I start from the assumption that I do not have all the answers on my own: around me there are women and men, who do not attend the same church that I attend, but who have convictions and share values ​​on which we often meet. It can happen at the market, in the office, on the street: we share a lot. And when common sense is shared, the Holy Spirit blows on everyone. I was lucky enough to be born into an interfaith family, a Catholic father and a Protestant mother, there has never been a religious conflict, always respect, esteem, welcome and hospitality. I inherited ecumenism in my blood. I have already experienced collaboration with Protestants at home. And now is the time to extend this fraternity to Muslims: when death comes, with soldiers and weapons, it does not select between religions.

We have told our faithful, to all those who have taken up arms. For me, a Christian, the prayer of Jesus in John 17 is relevant, that we may be one. Unity is not monolithic, it is difference. Muslims, Protestants, Catholics, are different, but we can unite to announce a message that concerns us all and everyone. The imam came to me, with his wife and his children, we lived together for six months and we managed together the times of meals, the respective prayers, the accompaniment of the children. The Koran and the Bible teach us monotheism. We said to ourselves: let’s not go looking for what divides us, but let’s look in the Koran and the Bible for what allows us to talk about peace. And each comes with his own saddlebag, with his own sack, which contains the words of the canonical writings, which, in turn, contain values. Both the Bible and the Koran affirm that the human being is the image of God. And even those who do not believe are a son or daughter of God for us and we are called to do everything possible to protect their life.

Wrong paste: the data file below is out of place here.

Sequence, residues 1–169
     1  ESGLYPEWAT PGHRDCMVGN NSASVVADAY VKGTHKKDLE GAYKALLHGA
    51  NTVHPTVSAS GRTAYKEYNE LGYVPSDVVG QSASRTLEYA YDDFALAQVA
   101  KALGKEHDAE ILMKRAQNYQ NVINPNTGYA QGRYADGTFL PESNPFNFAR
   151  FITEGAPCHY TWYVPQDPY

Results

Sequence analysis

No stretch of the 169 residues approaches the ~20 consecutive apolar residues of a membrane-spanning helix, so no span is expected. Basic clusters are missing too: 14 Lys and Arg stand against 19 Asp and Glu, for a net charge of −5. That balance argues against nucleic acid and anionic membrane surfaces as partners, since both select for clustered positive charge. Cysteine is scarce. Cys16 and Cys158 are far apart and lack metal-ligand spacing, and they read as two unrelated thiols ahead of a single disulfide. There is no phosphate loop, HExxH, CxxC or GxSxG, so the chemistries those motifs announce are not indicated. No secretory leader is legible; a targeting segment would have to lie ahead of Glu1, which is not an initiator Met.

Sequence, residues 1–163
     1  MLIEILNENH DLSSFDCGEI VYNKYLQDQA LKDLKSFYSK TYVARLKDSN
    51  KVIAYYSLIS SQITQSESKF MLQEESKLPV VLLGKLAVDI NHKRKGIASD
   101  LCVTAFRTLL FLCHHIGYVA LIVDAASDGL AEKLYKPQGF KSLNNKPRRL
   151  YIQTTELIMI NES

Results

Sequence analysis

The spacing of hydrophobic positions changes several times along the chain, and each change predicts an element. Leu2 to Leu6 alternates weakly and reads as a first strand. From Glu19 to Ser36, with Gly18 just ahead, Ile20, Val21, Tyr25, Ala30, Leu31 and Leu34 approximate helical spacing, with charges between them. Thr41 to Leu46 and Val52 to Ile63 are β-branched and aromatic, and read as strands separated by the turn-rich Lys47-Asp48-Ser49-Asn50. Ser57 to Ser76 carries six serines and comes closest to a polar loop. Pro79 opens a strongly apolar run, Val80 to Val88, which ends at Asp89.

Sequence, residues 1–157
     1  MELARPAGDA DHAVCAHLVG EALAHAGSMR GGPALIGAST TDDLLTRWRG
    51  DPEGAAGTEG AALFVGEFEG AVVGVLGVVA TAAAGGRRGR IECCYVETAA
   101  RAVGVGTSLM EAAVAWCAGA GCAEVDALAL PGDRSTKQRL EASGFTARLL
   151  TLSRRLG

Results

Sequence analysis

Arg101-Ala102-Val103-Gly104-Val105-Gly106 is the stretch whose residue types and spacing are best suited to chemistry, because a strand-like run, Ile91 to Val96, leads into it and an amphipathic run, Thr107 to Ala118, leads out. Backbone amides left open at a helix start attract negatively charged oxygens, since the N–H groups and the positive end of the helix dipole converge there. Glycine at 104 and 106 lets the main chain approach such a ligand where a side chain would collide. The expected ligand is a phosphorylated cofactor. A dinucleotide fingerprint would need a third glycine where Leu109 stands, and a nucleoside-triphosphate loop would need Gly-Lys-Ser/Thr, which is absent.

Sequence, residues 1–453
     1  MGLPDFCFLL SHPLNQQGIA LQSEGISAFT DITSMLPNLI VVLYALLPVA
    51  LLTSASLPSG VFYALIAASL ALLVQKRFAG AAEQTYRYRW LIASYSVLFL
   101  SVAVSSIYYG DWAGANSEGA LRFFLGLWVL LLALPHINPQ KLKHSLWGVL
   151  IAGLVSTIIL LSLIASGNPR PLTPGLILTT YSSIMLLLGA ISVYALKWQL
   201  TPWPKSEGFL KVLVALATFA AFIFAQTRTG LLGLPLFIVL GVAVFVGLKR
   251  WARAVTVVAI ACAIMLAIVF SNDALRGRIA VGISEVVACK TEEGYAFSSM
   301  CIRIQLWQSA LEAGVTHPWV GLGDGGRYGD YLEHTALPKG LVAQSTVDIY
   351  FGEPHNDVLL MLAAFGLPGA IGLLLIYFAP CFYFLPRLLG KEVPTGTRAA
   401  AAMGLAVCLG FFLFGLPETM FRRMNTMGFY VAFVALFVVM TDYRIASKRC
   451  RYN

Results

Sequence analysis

To help us understand: what is the religious composition of the Central African Republic?

The majority is Protestant, a little more than 50%; more than 30% are Catholics, there is 10% Muslim, the others are animists.

And does the dialogue involve everyone?

Yes, it is open to all. Everyone can make their own religious contribution, to build a world of fraternity.

Cardinal, you have told us that you come from an interfaith family. What does it mean for you, born in this context, to be bishop of the Roman Catholic Church?

I begin by saying: Catholic means universal. Everyone could find their place in the Catholic Church, understood in this way. I joined this Church and therefore there is room in my heart for sisters and brothers who do not come to pray in the same church that I go to. Others also aspire to this universality. Starting from a Roman Catholic reading of the Bible, or from a Protestant one, or from acquaintance with the Koran, we often find ourselves defending the same values ​​and the same patrimony of human lives. This means learning that the other has an inspired word to tell me and that I do not have a monopoly on the truth.

This requires a lot of modesty, humility. Being Roman Catholic, in this context, means living a real openness. Otherwise, I define myself as a Catholic and then I shut myself up in my small group and my catholicity is reduced to my small group. But the matter is much broader, because God is much greater.